The Museum of the Home in East London looks a though it will face a boycott of school visits as a row over the institution’s historic links to slavery deepens. MuseumNext reported in June that the recently reopened museum, which is situated in Shoreditch not far from the City of London, faced protests over its statue of Sir Robert Geffrye. Geffrye built almshouses with money he had made from his various investments in the trans-Atlantic slave trade. Seen as an act of generosity in his day, the former Lord Mayor of London was celebrated in the form of a prominent statue that remains in place to this day. Since then, the eighteenth-century buildings he funded have been turned into a museum focussing on domestic life.
The museum – which was previously known as the Geffrye Museum and now the Museum of the Home – closed in 2018 for an extensive refurbishment programme. When the museum reopened its doors earlier this year, it received considerable criticism for not removing the statue of Geffrye or placing it in a less prominent position. Among those to point out their frustration with the museum’s directors was Diane Abbott MP, the former shadow Home Secretary. However, the museum defended itself, saying that current government policy meant that it had no choice but to ‘interpret and contextualise’ the statue in its current site.
Protest Turns to Boycott
Now, it seems that teachers in the area have decided to take matters into their own hands by refusing to book school visits to the museum that would usually form part of their extra-curricular activities. Educators in the London borough of Hackney – where the museum is located – as well as those from the neighbouring boroughs of Haringey and Islington, said that they will not visit the museum while the statue of Geffrye remains in its current position. After a multi-million-pound refit and the problems associated with national lockdowns, this could prove to be a considerable problem for the Museum of the Home.
As part of a campaign that has been calling for the statue of Geffrye to be removed that existed even before the renovations works took place, members of the Haringey National Education Union (NEU) recently voted in a show of solidarity with other members of the community who object to its presence. Interestingly, the vote featured no dissenting voices and was unanimous. Consequently, the union called upon the museum to resite the statue at a more appropriate place.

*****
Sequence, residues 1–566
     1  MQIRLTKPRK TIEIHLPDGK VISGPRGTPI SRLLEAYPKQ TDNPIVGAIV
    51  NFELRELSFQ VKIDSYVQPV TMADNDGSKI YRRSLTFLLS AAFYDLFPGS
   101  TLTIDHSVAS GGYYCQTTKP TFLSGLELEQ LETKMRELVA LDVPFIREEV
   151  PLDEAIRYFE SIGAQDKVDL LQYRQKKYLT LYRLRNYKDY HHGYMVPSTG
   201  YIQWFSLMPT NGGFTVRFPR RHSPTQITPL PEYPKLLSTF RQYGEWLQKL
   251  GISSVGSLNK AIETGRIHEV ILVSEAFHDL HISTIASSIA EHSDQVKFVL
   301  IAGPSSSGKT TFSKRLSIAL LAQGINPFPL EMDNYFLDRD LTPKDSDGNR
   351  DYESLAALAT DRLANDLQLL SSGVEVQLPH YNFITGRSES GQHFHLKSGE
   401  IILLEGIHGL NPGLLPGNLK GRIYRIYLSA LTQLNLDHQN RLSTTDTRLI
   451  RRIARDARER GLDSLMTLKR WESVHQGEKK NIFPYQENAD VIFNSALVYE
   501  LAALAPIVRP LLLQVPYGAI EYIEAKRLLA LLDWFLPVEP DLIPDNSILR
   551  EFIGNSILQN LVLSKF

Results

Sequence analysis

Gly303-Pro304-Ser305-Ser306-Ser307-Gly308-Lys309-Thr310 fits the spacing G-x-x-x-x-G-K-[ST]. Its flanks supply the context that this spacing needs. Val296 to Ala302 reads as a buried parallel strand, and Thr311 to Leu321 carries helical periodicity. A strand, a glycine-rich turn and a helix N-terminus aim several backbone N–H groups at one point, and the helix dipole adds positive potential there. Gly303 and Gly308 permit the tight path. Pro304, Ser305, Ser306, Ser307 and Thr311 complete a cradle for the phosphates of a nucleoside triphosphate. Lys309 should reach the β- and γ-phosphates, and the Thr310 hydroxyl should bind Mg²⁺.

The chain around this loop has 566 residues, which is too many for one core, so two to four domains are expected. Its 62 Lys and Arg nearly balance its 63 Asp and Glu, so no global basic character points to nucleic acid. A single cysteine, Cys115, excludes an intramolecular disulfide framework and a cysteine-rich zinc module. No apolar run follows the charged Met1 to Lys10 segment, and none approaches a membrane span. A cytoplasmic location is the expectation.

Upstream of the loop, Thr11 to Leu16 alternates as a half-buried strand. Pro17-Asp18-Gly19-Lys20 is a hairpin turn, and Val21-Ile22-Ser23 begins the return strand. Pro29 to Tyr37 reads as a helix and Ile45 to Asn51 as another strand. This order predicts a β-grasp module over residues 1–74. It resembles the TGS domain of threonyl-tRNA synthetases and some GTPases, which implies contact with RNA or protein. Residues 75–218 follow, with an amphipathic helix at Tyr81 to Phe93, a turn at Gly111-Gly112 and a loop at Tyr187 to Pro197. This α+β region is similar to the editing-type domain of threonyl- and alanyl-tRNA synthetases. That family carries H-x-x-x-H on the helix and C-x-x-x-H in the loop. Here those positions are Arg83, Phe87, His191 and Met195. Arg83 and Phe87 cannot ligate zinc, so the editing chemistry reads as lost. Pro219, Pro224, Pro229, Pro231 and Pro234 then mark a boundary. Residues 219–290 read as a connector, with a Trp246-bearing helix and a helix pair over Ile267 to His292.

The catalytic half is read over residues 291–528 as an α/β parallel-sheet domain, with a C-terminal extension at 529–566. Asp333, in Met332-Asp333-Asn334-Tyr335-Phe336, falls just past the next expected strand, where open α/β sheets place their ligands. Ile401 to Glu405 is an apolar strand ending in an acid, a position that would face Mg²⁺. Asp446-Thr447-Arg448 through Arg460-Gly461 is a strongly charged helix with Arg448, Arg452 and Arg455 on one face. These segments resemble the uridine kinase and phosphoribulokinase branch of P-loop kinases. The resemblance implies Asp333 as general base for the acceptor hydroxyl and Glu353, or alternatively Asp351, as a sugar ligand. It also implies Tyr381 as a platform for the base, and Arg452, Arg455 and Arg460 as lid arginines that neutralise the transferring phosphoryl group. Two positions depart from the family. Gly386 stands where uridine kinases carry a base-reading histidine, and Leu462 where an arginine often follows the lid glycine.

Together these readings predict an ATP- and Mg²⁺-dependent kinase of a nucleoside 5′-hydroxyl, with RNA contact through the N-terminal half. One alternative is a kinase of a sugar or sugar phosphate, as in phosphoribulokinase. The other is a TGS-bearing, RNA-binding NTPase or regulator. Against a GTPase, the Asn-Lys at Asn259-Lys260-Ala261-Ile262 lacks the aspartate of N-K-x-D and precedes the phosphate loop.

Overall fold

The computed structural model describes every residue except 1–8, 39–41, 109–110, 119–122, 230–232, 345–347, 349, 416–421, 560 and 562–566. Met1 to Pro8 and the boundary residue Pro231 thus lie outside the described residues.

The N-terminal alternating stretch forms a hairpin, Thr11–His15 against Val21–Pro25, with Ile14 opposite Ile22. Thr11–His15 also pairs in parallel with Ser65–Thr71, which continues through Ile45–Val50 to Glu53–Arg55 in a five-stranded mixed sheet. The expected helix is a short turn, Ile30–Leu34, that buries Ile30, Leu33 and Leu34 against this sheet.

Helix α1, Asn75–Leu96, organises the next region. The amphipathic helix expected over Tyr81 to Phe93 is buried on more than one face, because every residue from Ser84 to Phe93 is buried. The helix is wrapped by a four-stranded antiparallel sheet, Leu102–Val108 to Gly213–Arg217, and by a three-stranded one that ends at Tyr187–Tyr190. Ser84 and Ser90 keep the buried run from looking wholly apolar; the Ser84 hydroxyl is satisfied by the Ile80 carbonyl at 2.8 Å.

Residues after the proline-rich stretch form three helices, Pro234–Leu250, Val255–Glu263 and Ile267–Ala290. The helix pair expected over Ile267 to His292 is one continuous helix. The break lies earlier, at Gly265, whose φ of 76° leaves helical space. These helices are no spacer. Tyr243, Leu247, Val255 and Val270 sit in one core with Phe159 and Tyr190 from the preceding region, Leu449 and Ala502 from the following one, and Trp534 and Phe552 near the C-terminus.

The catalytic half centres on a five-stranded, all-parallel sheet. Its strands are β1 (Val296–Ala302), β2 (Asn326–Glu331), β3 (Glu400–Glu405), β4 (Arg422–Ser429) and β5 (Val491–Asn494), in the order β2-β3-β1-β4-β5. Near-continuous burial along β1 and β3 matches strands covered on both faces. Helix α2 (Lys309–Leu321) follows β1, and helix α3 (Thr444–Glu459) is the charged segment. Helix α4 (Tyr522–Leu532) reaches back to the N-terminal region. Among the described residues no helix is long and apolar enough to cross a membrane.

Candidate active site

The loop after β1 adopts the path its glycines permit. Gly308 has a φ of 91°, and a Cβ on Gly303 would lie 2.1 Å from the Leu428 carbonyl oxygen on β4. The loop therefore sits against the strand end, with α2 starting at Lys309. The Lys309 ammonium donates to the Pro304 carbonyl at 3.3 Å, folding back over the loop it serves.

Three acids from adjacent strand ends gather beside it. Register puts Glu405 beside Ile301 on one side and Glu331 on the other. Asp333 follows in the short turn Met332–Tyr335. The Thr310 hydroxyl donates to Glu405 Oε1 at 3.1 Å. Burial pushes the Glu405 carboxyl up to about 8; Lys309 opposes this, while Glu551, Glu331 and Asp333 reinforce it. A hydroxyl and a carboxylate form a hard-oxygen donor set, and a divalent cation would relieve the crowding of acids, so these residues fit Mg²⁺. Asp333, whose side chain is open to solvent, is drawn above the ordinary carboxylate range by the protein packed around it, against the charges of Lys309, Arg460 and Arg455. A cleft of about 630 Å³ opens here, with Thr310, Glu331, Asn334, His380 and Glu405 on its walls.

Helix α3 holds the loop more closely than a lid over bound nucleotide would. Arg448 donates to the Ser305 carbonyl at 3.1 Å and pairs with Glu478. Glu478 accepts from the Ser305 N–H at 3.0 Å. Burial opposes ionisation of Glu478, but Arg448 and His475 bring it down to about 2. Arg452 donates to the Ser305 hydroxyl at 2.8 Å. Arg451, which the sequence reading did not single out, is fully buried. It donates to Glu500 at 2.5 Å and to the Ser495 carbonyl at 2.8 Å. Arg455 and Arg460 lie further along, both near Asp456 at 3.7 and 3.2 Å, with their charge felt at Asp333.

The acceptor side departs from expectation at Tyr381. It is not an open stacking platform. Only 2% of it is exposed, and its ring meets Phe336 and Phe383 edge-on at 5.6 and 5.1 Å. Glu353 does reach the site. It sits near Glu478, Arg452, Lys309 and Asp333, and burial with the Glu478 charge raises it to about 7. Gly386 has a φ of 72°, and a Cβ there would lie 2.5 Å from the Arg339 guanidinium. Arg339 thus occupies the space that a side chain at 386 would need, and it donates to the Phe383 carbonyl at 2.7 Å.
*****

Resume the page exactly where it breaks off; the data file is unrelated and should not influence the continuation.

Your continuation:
A spokesperson for the NEU said that they would continue to urge all schools in East London to stay away from the museum until the question of the statue and its prominence had been resolved. Pointing out that many headteachers are members of the union and that many them are also parents, the spokesperson suggested that families should also think twice before attending a museum which has a statue of a prominent operator in the slave trade outside it. “In the light of all this,” the NEU’s spokesperson continued, “If a school in the area were to organise a visit [to the museum]… then union members at that educational establishment should decide on what appropriate action to take.”
The museum responded to the planned boycott by suggesting that it was exploring all of the possible options for the statue and listening to issues its continued presence raised. In a statement, it claimed that such action on its behalf was active. “We are engaged with the community and creative partners, including schools,” the statement read.” It went on to say that the board at the Museum of the Home welcomed such important conversations and that it remained committed to telling the history of Geffrye in an open way that meant ‘uncomfortable truths’ would be faced up to. Whether that will be enough to entice school visits to continue remains an open question, however, especially given that the statue remains in the same position it has occupied for centuries.
About the author – Manuel Charr
Manuel Charr is a journalist working in the arts and cultural sectors. With a background in marketing, Manuel is drawn to arts organizations which are prepared to try inventive ways to reach new audiences.